Let’s put aside all the mathematical permutations and make some assumptions. Which I hate to do, generally, because as I have told the LittleDavy’s time and time again: “Assumption is the enemy of success.”
(For example: Ned – “What time is your flight tomorrow?” LittleDavy – “I think it’s 7am.” Ned – “Think or know?” LittleDavy – silence. Ned – eye roll™.)
So, MrsDavy, let’s assume that the All Blacks make it out of Pool C as either the 1st or 2nd place team.
(And whoa, how many assumptions just happened there? We could finish first in the Pool by winning all matches, or even by dropping one. We could also, in theory, finish third by losing just one match. This is why anxious matters, MrsDavy.)
Anyway, if we get out of the Pool, what’s the route through to the Cup?
Our quarter-final would be played in Cardiff at the Millennium Stadium (boo, hiss, weep), against a team from Pool D. That is likely to be either France or Ireland. Both teams are major road bumps: France because they’re France and have kicked us out of a Cup twice before, and Ireland because they’re playing good footy.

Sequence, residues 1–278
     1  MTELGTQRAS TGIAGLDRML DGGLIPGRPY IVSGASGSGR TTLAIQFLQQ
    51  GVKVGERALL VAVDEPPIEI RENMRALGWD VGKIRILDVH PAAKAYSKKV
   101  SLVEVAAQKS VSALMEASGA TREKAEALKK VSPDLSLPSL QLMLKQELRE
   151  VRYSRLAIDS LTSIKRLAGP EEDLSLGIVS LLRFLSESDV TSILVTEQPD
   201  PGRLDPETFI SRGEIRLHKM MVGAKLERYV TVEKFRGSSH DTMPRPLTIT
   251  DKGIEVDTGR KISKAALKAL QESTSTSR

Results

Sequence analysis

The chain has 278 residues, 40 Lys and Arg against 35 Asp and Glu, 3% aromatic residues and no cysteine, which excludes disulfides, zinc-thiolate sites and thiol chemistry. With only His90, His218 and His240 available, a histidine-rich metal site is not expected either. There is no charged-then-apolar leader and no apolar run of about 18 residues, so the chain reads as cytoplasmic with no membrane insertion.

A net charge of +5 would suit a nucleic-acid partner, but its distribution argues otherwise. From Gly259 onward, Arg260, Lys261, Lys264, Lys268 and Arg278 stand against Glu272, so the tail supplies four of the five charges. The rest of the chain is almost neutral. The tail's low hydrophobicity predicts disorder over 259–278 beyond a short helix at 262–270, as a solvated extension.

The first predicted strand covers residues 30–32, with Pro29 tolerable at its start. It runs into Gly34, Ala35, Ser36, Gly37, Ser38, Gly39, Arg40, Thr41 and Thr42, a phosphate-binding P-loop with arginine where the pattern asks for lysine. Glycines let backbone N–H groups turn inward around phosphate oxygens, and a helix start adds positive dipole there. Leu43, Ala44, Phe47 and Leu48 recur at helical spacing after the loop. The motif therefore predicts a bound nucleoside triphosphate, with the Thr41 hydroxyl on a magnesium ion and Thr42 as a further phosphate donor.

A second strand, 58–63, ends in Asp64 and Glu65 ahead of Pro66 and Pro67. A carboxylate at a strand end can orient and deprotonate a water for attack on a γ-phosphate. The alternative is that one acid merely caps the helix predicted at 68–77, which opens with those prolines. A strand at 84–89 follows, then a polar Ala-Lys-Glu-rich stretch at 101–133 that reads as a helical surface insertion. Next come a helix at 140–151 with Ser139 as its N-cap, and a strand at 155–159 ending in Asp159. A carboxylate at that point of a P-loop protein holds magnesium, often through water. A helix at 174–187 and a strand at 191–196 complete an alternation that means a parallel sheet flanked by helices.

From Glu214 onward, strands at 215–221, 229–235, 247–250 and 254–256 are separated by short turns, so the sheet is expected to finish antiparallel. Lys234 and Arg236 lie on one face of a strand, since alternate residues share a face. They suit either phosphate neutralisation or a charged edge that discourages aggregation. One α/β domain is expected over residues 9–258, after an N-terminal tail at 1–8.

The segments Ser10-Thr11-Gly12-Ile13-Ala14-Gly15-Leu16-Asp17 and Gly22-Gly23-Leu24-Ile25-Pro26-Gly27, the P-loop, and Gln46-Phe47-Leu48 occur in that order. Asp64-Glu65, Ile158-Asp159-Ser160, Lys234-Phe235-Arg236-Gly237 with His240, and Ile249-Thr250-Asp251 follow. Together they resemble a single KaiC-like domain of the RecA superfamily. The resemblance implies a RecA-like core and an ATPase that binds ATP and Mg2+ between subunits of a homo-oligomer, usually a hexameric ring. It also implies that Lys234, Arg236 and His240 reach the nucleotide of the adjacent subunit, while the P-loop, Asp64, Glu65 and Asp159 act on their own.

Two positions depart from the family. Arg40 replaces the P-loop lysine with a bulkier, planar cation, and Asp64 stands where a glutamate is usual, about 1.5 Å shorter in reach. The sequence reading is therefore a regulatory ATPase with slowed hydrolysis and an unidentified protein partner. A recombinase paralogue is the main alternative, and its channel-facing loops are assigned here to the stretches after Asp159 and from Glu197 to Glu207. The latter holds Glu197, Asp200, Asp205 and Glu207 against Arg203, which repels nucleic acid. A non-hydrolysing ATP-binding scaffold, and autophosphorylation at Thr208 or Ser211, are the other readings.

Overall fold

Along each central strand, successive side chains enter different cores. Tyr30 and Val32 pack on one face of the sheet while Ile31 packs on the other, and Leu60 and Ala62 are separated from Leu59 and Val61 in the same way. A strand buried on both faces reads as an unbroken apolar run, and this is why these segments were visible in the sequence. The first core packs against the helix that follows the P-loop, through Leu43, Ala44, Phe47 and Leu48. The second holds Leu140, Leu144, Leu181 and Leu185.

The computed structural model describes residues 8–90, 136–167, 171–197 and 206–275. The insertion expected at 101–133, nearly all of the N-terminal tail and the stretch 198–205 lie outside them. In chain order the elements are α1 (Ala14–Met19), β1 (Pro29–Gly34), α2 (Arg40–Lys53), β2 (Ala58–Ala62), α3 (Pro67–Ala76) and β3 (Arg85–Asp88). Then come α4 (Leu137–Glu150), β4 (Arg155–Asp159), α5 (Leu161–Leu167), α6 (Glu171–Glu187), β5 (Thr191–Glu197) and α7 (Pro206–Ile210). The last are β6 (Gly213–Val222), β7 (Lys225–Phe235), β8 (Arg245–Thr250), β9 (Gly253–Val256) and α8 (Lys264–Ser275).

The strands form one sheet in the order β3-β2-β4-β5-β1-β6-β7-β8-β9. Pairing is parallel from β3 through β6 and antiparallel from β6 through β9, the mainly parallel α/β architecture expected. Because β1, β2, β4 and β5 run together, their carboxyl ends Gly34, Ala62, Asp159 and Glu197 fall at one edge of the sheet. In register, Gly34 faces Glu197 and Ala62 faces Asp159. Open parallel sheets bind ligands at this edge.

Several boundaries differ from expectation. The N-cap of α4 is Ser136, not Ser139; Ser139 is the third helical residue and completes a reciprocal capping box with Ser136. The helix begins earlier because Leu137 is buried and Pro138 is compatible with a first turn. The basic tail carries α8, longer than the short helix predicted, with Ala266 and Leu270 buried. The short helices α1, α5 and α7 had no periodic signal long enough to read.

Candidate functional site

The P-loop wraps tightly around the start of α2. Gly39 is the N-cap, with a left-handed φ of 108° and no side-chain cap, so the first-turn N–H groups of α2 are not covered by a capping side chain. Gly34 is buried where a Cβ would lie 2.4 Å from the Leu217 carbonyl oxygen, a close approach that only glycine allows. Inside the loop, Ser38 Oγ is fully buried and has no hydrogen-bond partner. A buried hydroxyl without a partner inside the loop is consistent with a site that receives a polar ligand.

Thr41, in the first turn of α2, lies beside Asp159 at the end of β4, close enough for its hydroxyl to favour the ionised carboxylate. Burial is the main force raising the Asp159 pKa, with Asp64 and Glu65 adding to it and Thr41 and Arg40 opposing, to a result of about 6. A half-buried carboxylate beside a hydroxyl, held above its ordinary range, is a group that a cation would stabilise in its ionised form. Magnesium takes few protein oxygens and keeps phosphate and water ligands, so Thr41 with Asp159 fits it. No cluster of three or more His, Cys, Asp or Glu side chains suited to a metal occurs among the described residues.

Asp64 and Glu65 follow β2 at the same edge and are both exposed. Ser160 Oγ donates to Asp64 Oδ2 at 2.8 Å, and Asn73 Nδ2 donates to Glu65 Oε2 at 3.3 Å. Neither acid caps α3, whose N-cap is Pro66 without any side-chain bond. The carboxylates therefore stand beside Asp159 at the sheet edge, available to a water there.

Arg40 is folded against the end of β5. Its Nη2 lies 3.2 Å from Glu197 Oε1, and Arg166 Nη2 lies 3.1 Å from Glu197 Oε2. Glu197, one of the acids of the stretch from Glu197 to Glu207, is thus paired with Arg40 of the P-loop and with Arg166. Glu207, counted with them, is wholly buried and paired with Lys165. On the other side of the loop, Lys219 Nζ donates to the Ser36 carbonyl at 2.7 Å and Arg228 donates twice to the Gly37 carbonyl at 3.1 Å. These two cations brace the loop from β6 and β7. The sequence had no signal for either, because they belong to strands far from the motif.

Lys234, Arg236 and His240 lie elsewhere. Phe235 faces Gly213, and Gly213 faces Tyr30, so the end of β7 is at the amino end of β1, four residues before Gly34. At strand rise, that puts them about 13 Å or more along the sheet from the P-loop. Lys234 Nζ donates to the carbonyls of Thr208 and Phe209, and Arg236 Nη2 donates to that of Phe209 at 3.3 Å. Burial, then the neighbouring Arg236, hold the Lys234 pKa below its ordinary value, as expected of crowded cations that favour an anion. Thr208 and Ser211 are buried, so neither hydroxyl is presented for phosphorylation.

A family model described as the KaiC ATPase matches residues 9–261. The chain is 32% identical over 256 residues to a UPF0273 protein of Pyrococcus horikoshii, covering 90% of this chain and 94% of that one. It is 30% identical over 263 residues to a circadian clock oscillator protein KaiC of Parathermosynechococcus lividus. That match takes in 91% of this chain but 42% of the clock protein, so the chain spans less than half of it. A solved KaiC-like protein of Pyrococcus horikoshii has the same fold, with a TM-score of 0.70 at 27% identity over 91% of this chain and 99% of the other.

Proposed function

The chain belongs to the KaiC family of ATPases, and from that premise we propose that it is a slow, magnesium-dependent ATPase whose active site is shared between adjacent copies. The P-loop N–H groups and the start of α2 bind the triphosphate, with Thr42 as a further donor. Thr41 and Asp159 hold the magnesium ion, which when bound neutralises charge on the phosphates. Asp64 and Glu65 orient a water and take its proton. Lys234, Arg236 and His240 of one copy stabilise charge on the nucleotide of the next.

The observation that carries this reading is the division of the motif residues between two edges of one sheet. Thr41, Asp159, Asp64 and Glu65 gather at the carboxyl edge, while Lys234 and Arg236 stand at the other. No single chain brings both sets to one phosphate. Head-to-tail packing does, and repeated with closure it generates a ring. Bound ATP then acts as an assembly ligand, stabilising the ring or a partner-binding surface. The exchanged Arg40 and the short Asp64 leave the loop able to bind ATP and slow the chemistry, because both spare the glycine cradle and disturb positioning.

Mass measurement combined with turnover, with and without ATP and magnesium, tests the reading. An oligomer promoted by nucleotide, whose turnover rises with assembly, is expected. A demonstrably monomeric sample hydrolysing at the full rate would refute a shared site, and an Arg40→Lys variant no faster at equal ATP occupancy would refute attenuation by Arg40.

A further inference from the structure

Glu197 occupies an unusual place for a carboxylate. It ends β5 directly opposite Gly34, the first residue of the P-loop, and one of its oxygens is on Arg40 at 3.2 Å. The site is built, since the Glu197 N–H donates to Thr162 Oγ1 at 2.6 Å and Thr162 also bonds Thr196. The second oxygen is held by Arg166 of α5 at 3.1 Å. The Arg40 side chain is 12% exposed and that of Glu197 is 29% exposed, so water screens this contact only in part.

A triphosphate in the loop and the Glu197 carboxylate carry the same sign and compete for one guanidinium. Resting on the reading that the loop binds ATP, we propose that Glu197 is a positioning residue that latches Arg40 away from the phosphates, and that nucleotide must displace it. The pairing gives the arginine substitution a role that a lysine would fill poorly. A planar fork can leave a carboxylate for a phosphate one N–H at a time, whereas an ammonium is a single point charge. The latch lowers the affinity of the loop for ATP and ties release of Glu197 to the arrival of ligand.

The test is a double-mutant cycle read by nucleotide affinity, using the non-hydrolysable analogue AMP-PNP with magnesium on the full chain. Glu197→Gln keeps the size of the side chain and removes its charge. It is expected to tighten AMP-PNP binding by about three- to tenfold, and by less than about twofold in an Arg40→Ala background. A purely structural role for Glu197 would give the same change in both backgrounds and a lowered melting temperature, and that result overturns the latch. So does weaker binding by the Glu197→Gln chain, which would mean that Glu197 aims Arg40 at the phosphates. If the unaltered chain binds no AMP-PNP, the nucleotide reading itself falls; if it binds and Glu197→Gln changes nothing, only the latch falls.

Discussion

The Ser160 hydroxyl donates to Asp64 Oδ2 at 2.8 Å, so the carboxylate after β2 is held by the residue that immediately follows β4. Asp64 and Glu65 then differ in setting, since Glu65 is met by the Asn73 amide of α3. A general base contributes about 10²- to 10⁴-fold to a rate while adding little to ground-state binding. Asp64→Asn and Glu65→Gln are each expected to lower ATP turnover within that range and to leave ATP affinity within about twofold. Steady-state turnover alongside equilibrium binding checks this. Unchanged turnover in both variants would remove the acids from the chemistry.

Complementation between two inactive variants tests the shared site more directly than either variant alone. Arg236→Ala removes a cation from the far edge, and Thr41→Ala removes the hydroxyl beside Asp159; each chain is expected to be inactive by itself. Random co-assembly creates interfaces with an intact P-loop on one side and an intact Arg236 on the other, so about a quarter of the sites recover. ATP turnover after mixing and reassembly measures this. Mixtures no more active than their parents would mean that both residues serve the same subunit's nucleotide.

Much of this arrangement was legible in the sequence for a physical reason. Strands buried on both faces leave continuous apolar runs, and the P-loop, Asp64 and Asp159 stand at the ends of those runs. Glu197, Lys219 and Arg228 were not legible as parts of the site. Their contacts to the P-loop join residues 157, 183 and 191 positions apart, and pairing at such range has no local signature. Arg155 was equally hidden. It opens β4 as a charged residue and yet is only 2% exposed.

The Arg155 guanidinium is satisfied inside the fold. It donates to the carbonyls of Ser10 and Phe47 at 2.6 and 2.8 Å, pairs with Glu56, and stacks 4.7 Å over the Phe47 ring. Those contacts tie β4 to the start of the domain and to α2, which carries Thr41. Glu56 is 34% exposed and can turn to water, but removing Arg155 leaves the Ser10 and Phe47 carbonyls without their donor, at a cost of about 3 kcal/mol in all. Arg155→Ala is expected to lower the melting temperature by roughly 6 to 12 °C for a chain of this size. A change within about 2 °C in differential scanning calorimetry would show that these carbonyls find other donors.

Say it with me: there is no such thing as an easy quarter-final.
Again, for the sake of argument and assuming we won that match (turn around three times and spit), who might we face in a semi-final?
It will be a team from either Pool A or Pool B. It could be any one of Australia, England, Samoa, Scotland, South Africa or Wales. If you go by the current World Rankings, the most likely opponent would be South Africa.
Yes, I know MrsDavy, how is it that the top two teams in the World Rankings are more likely than not going to meet in a semi-final? Is it because the Evil Overlords pulled a swifty to ensure England would only have to beat either South Africa or New Zealand to win the Cup, but not both?
Not really. The draw for the Pools, which determines the route through the knock-out stage, introduced an element of chance that precludes outright shenanigans. Even so, I’m sure Darth Vader is smiling grimly beneath his mask.
The more important point is this: so what?
Teams, coaches, managers, fans who get fixated on wanting an easy route to glory are fooling themselves.
If you go into this tournament with a desire to win the whole shebang, you don’t give a damn about the identity of who you play or the order in which you play them. You never look beyond the next opponent. In this sense, world cups are like old-style prize fighting: you have to back yourself to deal with whoever steps in to the ring. You might be getting tired, you might be hurt, but you just get on with it.